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Keith E Rice's Integrated SocioPsychology Blog & Pages

Aligning, integrating and applying the behavioural sciences

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Dimensions of Temperament

Updated: 5 December 2020 Looking at the 4 personality types depicted in the graphic above, which most accurately describes you? By ‘you’, we mean the natural you, the you you don’t have to work at, the you which feels most comfortable to you when there are no pressures to be anyone else. We’re talking about the you you were born with: your natural temperamental type. Of course, very, very few people remain totally true to that type in all circumstances – especially when their vMEMES motivate them to do things beyond their temperamental type. (For example, as someone slightly on the Melancholic side, when leading a workshop event, I find my ORANGE’s achievement orientation will lead me to perform in an outgoing, even charismatic way that contains little hint of my natural moderate Introversion.) How much you are any one type will depend on where you tend to locate naturally on each of the 2 Dimensions of Neuroticism and Extraversion. A number of studies have supported Hans J Eysenck’s (1967) contention that our default position on these Dimensions is birthed in us. One such was James Shields (1976) finding that monozygotic (MZ) twins were significantly more similar in Extraversion and Neuroticism … Read More

Neurological Levels

Updated: 28 May 2016 The Neurological Levels concept was developed by Robert Dilts (1990) taking much of his inspiration from the work of Gregory Bateson (leading anthropologist, philosopher and seminal figure in the early development of NLP – particularly his Logical Levels of Learning construct (1972). For this model of abstracted levels of what we learn and how it affects us, Bateson himself drew on the Logical Typing of mathematician and philosopher Bertrand Russell (1910). Taking his cue from Bateson, Dilts conceived a hierarchy of levels the mind uses to order its relationship with the world. Dilts linked these ‘Logical Levels’ to neurological functions and structure of the brain. Thus, Neurological Levels! While the supposed ‘logicality’ of the model has been attacked and the way Dilts’ has used neurology is sometimes open to question – see Peter McNab’s Article, Aligning Neurological Levels -a Reassessment (1999) – almost everyone who has worked with the model testifies to its power to describe what we might call Nominal Level Adaptation. (See: Integrated SocioPsychology.) In other words, the match of Identity – and the Values & Beliefs which flow from Identity – to the Environment in which we find ourselves. The key to a healthy psyche (selfplex),… Read More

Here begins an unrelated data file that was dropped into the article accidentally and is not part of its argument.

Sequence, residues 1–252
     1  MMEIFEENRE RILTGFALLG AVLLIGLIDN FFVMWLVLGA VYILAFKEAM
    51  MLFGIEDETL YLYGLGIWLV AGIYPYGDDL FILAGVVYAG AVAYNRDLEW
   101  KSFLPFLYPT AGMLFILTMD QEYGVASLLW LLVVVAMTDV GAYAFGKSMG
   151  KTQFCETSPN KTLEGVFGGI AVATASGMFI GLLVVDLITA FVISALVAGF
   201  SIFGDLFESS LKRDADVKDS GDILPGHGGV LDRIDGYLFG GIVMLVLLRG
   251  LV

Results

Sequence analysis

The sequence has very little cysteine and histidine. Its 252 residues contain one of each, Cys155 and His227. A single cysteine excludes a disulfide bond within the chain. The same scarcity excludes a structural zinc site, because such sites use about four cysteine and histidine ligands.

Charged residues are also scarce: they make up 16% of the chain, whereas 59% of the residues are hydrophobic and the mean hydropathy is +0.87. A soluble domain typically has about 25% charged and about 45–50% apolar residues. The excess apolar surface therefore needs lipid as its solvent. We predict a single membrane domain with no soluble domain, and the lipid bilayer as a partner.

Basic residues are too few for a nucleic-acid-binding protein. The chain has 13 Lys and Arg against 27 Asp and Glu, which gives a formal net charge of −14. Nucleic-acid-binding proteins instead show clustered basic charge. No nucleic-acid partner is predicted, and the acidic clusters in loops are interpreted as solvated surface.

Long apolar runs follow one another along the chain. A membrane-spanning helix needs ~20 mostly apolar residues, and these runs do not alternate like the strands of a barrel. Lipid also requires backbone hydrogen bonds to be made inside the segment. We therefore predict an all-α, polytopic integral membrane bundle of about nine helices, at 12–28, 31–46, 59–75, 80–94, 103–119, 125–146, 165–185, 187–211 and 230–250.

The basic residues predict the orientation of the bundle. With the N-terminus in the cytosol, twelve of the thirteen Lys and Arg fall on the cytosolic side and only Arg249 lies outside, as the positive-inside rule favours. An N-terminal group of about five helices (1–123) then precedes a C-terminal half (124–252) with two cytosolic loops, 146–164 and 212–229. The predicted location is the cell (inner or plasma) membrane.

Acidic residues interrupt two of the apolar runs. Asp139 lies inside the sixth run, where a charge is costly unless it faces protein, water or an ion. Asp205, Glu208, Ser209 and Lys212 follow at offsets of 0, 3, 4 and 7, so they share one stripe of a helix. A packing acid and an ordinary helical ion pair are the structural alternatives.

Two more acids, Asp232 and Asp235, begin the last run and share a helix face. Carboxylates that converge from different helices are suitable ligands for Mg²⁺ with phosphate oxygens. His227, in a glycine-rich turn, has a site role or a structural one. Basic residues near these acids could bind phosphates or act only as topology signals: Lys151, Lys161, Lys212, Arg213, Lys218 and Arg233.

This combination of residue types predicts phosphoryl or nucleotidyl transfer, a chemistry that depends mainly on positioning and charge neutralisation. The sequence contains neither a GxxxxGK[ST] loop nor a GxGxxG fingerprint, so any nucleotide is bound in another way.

No More Mosques!

On a walk this morning I was surprised to see a National Front (NF) sticker on a post box proclaiming ‘No more mosques!’ (The design was identical to the flag above .) Firstly I didn’t even know the National Front were still going – I thought they were long ago eclipsed by the British National Party (BNP). Apparently the NF are still in some kind of business – though they seem to be riven by the most egomaniacal RED-driven in-fighting! Check out http://www.national-front.org.uk/ to view their sorry state. Secondly I was surprised to see the sticker in the Greengates part of Bradford, close to where I live. While there was some trouble in the area at the time of the 2001 ‘race riots’, Greengates appears to have little or no racial tension.  It is a largely mixed area of lower middle class and upper working class. The population appears to be mostly white – though there are a number of Asians living in and around the area – as evidenced by the wide array of clothing and skin colours to be seen in the Greengates Sainsbury’s.  Everything from shorts and vests to shalwar kameez and even full burkas can be found in the supermarket… Read More

Munir Hussain and the wrong messages of Judge John Reddihough

What has our kingdom come to when a man and members of his family are tied up by knife-wielding masked intruders and threatened with death, some of the victims escape, get help, chase the perpetrators and beat up badly one of them, only to be jailed for excessive use of force…?!?!? This is effectively what has happened to Munir Hussain and his brother Toker who were jailed this week for 30 months and 39 months respectively. Walid Salem, the intruder they caught, suffered such injuries (including, it is claimed, a permanent brain injury) in what  was clearly a sustained attack by the Hussains that he was considered unfit to be tried on a charge of unlawful imprisonment and was merely put on a supervision order. In sentencing the Hussain brothers, Judge John Reddihough described the assault on Salem by the Hussain brothers as “a dreadful, violent attack”. It undoubtedly was. Among the implements the Hussains and 2 other neighbours used to beat Salem were a cricket bat and a metal pole, (Reportedly the cricket bat was used to strike Salem with such force that it broke in 3!) “This case is a tragedy for you and your families,” the judge told Munir Hussain.… Read More